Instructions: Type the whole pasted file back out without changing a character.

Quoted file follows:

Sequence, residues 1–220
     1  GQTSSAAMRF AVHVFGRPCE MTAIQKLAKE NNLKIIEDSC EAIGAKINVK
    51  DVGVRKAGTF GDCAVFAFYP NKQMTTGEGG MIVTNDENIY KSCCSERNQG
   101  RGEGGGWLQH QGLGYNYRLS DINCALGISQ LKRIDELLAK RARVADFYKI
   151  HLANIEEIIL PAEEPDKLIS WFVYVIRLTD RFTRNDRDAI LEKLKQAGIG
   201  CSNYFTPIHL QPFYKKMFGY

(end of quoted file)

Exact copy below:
Sequence, residues 1–220
     1  GQTSSAAMRF AVHVFGRPCE MTAIQKLAKE NNLKIIEDSC EAIGAKINVK
    51  DVGVRKAGTF GDCAVFAFYP NKQMTTGEGG MIVTNDENIY KSCCSERNQG
   101  RGEGGGWLQH QGLGYNYRLS DINCALGISQ LKRIDELLAK RARVADFYKI
   151  HLANIEEIIL PAEEPDKLIS WFVYVIRLTD RFTRNDRDAI LEKLKQAGIG
   201  CSNYFTPIHL QPFYKKMFGY